So Abby and I recently watched Adventureland, and I thought I'd give my impressions. This is more of a discussion than a review, so if you haven't seen it, be warned that there will be spoilers. If want you want is a review, here's a short one: I liked it. I didn't love it, but I appreciated the approach it took.
Adventureland starts with an incredibly tired premise: geeky, virginal protagonist is preparing for a fancy trip but his family falls on hard times and he is forced to cancel his plans and take a shitty job where he will meet new and interesting (quirky) people and lose his virginity to a hot alternative girl who might just be the woman of his dreams. We've seen this plot (or a variation on it) in a hundred low-brow teen sex comedies. But the movie treats its subjects with a refreshing honesty and delicacy.
For example, take Jesse Eisenberg, who plays our hero: James. In other films (read "other films" as Zombieland), I've called Eisenberg the poor man's Michael Cera, but he seems much better suited to this role. In fact, I'd go so far as to say that Cera would have been miscast. But Eisenberg works because James isn't a generic nerd--he's a renaissance nerd! He has a degree in English literature and is going to Columbia to study journalism. His hair isn't Jew-fro, it's Roger Daltry. He has retained his virginity because he's a hopeless romantic and doesn't feel like he's really fallen in love. And he's not lacking in social graces either (which is not to say that he's totally bereft of awkwardness). In fact, he's rather funny to be around. Rather than give in to the tropes of teen sex comedies, Adventureland gives us a well-rounded character with real problems.
Likewise, Kristen Stewart's Em isn't your typical closet-geek-disguised-as-a-hot-chick. She's a real person, attractive but damaged and a little scary. On a side note, I haven't decided yet what I think of Stewart as an actress. You can't really hang Twilight on her, but I can't shake the feeling that she's being typecast here. Her performance was great, it just might not have been much of a performance. Time will tell. Time and The Runaways.
Now we all know what to expect from this sort of comedy (things start getting spoilery here, just so you're warned). Guy and girl will develop a relationship but it will be complicated by something or other. That something will blow up in their faces in Act II and the relationship will be off, meanwhile our hero will have a falling out with his parents and ruin what little remaining plans he had. But, with the help of his friends, he'll have a revelation and do something crazy to prove his love and win back the girl. Part of that revelation will undoubtedly involve our hero realizing that the shitty situation (in this case, working at a theme park) isn't that bad after all. Some of this happens in Adventureland, but not in ways you'd expect. Some of it flat out doesn't happen.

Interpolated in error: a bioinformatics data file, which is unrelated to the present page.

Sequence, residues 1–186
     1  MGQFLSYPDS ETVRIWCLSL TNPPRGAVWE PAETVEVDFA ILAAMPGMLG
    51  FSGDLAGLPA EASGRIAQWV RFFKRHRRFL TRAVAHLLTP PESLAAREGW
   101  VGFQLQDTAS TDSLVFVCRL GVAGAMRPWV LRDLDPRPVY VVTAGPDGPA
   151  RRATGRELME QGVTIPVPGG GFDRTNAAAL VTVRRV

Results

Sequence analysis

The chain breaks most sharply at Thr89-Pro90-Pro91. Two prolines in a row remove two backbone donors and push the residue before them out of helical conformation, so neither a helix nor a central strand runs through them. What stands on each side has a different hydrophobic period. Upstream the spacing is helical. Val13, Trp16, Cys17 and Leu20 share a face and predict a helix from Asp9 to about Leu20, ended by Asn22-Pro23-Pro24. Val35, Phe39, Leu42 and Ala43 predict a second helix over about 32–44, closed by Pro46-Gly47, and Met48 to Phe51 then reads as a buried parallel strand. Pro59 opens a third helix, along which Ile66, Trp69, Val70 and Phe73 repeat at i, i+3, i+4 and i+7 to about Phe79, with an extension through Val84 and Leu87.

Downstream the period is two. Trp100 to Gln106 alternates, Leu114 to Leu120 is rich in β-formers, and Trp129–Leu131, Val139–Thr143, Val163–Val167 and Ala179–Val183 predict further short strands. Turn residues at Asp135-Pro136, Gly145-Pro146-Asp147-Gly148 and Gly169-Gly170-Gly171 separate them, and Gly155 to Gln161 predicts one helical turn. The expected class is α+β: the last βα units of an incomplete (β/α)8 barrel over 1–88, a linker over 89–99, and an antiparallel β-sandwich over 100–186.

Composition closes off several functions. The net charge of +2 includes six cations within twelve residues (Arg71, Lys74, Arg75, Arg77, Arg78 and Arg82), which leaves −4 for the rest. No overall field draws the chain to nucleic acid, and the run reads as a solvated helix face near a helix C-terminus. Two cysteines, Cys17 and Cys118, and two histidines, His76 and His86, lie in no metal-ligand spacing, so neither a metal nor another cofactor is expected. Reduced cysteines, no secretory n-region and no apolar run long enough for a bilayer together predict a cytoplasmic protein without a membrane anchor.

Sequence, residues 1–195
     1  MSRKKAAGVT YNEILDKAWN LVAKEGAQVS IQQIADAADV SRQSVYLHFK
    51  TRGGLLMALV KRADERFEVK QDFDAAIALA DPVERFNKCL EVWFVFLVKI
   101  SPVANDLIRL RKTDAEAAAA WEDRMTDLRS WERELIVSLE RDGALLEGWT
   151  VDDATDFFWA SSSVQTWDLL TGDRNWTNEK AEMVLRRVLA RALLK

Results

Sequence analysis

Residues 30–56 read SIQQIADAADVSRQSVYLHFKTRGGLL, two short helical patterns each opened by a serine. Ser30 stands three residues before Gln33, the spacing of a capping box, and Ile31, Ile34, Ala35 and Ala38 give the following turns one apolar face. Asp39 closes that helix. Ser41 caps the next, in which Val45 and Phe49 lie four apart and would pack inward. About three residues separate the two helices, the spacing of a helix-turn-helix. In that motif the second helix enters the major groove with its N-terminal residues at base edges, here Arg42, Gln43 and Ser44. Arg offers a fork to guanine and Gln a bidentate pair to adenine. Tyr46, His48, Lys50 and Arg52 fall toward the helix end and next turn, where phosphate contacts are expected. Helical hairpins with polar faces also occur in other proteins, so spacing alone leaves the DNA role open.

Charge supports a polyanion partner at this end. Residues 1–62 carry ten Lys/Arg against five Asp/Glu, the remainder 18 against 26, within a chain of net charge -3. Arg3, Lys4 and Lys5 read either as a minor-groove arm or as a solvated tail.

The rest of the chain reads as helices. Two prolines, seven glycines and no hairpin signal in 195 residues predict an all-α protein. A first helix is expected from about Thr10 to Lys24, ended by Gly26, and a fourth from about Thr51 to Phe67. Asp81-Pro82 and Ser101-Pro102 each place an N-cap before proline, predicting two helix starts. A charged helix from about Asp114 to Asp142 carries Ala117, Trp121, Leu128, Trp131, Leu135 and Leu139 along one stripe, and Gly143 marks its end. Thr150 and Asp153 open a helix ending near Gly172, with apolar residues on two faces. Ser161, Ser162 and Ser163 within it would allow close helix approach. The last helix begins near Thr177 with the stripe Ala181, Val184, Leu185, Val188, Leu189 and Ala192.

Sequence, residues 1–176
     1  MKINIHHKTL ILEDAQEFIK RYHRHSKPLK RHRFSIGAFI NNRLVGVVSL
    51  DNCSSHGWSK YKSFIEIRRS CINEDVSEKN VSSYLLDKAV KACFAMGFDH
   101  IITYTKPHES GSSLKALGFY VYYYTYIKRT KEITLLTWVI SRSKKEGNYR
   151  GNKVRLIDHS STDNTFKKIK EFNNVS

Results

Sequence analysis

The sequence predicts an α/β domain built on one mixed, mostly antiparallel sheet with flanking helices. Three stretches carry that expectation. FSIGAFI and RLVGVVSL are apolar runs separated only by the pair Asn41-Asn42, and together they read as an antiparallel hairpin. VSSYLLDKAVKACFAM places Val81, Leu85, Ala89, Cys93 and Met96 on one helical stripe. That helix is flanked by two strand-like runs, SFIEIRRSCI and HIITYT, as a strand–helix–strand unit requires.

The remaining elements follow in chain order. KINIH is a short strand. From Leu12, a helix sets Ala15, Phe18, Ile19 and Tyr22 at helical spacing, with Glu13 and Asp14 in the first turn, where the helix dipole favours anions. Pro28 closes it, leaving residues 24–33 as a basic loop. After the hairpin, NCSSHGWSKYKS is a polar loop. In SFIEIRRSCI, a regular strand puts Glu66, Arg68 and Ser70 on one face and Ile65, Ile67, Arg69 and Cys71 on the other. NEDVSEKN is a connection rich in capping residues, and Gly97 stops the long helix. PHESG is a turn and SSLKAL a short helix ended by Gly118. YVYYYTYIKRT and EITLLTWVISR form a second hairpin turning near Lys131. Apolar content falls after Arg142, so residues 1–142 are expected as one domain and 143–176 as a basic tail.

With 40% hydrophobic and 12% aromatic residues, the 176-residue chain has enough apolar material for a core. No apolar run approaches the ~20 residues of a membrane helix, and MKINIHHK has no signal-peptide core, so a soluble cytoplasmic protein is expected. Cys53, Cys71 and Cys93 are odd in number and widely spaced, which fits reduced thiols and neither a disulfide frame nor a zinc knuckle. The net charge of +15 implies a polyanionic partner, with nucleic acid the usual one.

For starters, the theme park never stops being shitty. It's a surreal hell run by crazy people where the customers will threaten to knife you for a giant stuffed panda and where you have to hear Rock Me Amadeus twenty times a day. And worse yet, James and Em work in "Games", the shittiest part of this hell-hole. Second, James's friends never help him out. In fact, one friend does little apart from punch James in the balls whenever there's an opportunity. Almost everyone in the film betrays James at some point or another, except Bobby (Bill Hader), who runs the park. And I will pause here to interject that the one weak point of the movie for me was Bobby, who was played for comedy in a way that seemed to undermine the rest of the film.
Another example, and I really, really appreciate this: Em's and James's relationship wasn't the slightest bit contrived. There was no gimmick that brought them together (your basic sitcom version of this plot would have James lie about himself to impress the girl, that lie becomes the complication that drives them apart in Act II). Instead, they dug each other, and a relationship blossomed organically. There was a complicating factor, but it wasn't that they were from different worlds or that Em was embarrassed that her friends and family would find out (that particular trope gets a proper punch-up in the middle of the film). No, the problem was that she had been sleeping with the park's married handyman (a thoroughly enjoyable Ryan Reynolds).
And when their relationship goes to shit, it isn't because of misunderstandings--it's because they did genuinely awful things to each other. It got bad enough that I half-expected them to not get back together when they were reunited at the end of the movie.
Lastly, I want to credit this film with the proper use of subtext. There was a scene in which James gets chewed out by his mother after wrecking the car. She points out a bottle of liquor that she found in there--it was true that James had been drunk we he got in the accident, but the bottle was his father's. When the bottle hits the table, the scene stops being about James's mother's lecture. While she rants, James and his father exchange a number of pained looks--James is upset for being thrown under a bus; his father feels guilty for letting James take the fall completely, but he also feels too pathetic to step in.
So at the end of the day, I was really impressed by Adventureland. It took what could have been a very normal, mediocre story and made something honest and painful and real out of it.